• targeted and reliable compliance data and information sets relevant to the performance measures, based on a data and information gap analysis.
  3. The regulators within the departments of Primary Industries and Sustainability and Environment should:
    • rigorously and transparently prioritise and plan their compliance work under all relevant Acts
    • regularly and systematically review how consistently and objectively they conduct all types of enforcement actions.
  4. The Department of Sustainability and Environment should:
    • develop and implement regional compliance plans that are risk-based, soundly targeted, consistent and aligned with corporate priorities and the statewide compliance strategy
    • develop an achievable, detailed plan for delivering its statewide compliance strategy, and implement it.
  5. The Department of Sustainability and Environment should strengthen its management of wildlife and plant licences and permits by:
    • upgrading the wildlife and plant licence and permit systems without further delay
    • requiring staff to record all relevant information in the systems, such as licensee inspections and interviews, and periodically reviewing how they use the systems
    • accurately recording the number of licences, permits and authorisations it issues, and making this information publicly available
    • reviewing its policy on using licence conditions and sanctions as a response to noncompliance.
  6. The departments of Primary Industries and Sustainability and Environment should identify and centrally document core processes for managing the work standards, recruitment, training and authorisation of compliance officers and central systems for coordinating and reviewing these activities
  7. The departments of Primary Industries and Sustainability and Environment should each:
    • develop and implement a whole-of-department, better practice complaints management policy and training
    • publish the policy on its website
    • record all complaints in a central register(s), monitor complaints data and use this information to improve regulatory policies and processes.

Submissions and comments received

In addition to progressive engagement during the course of the audit, in accordance with section 16(3) of the Audit Act 1994, a copy of this report was provided to the departments of Primary Industries and Sustainability and Environment with a request for submissions or comments.

Agency views have been considered in reaching our audit conclusions and are represented to the extent relevant and warranted in preparing this report. Their full section 16(3) submissions and comments are included in Appendix B.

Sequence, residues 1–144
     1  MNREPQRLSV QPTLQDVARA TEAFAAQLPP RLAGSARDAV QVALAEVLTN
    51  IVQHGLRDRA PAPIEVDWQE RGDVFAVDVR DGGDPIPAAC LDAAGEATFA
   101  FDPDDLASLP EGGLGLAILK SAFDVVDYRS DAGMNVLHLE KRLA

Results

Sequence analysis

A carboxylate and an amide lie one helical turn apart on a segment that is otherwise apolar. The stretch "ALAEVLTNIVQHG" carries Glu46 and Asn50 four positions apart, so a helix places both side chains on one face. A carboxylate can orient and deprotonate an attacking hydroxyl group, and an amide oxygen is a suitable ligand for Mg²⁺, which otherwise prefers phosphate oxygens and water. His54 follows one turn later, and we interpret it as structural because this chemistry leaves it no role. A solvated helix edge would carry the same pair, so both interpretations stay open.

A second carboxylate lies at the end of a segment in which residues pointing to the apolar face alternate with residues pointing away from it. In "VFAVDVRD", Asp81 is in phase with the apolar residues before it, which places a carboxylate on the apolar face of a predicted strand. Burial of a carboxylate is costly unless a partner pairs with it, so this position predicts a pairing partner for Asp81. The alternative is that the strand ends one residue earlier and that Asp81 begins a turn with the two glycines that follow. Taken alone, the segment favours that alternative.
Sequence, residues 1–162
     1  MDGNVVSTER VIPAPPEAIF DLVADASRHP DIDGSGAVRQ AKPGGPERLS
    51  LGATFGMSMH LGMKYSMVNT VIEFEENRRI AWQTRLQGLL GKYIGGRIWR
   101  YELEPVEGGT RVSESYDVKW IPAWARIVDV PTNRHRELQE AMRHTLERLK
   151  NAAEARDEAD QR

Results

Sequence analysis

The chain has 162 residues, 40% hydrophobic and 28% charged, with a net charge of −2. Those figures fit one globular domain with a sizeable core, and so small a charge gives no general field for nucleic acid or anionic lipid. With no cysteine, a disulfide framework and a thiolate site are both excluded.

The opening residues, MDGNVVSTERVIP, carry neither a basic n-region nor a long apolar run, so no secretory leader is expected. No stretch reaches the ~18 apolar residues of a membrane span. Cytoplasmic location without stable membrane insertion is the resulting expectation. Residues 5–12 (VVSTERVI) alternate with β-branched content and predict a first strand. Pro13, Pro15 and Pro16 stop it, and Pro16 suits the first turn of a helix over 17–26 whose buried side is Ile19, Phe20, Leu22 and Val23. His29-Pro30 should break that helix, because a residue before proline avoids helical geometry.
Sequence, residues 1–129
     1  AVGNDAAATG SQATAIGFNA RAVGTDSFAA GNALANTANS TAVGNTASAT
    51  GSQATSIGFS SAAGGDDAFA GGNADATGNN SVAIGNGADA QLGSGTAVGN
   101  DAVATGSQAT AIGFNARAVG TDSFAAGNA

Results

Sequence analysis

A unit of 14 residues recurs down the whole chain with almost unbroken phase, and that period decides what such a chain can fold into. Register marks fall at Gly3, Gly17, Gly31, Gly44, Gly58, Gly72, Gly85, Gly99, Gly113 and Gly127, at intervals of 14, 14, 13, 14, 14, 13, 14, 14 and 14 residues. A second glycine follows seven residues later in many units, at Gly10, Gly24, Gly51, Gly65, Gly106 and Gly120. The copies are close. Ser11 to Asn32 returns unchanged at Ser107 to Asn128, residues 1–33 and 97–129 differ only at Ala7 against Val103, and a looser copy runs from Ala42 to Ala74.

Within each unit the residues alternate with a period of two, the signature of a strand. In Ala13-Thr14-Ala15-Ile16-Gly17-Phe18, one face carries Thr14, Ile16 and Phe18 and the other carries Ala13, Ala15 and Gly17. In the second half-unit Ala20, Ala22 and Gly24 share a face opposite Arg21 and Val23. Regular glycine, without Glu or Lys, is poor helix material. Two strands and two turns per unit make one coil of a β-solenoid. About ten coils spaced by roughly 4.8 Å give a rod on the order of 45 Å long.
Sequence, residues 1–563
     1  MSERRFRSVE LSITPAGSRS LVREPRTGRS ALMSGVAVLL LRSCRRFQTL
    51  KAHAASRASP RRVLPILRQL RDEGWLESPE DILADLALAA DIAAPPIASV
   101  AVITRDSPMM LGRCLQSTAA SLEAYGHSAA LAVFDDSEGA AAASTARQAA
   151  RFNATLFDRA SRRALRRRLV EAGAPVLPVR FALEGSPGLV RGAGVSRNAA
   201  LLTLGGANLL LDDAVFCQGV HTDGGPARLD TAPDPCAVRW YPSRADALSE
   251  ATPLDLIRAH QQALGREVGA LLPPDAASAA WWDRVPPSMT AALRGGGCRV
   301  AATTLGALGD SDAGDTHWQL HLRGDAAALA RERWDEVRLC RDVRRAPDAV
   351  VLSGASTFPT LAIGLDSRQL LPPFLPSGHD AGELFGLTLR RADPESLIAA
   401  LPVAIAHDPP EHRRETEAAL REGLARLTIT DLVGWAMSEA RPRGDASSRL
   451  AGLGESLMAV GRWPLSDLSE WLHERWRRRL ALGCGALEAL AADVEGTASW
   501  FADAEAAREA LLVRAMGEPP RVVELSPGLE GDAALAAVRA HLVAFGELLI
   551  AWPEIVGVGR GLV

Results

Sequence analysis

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1. Background

1.1 Regulating the environment, natural resources and primary industries

Industries such as agriculture, coal mining and forestry are important to Victoria’s economy, providing jobs and producing food, electricity and other commodities for local use and export. Other sectors such as recreational fishing and state parks have significant social value. All of these require controls, or regulations, to manage them sustainably so that our environment, economy and social values are protected.

Without controls, unsustainable use can contribute to the loss of high-value species, ecosystems and industries, such as whales, red gum forests and the abalone fishing industry. For other species and systems, the cumulative impacts of noncompliance are incremental and less obvious.

1.1.1 Legislation and regulation

Victoria has enacted a range of legislation which, together with its associated regulation is designed to control high-risk activities to protect the environment from harm, to preserve economically important industries, and to meet community expectations.

Victoria has a number of regulators within the environment, natural resources and primary industries sector. The Department of Primary Industries (DPI) has regulators within the department, as well as two statutory authority regulators—Dairy Food Safety Victoria and PrimeSafe. Similarly, the Department of Sustainability and Environment (DSE) has its own regulatory functions as well as those delivered by its two statutory authority regulators—the Environment Protection Authority and Parks Victoria.

This audit focused on the regulatory activities conducted within the two departments. The Acts that DPI and DSE regulate govern areas such as animal and plant health, chemical use in agricultural production, fisheries, mining, public land management and wildlife and native plant protection.

DPI has compliance responsibilities and powers under 45 Acts. Sixteen of these are Acts that it administers directly and 29 are administered by other state and Australian government agencies. DSE has compliance responsibilities and powers under 16 Acts. Eleven of these are Acts that it administers directly and five are administered by other agencies. These Acts are listed in Appendix A.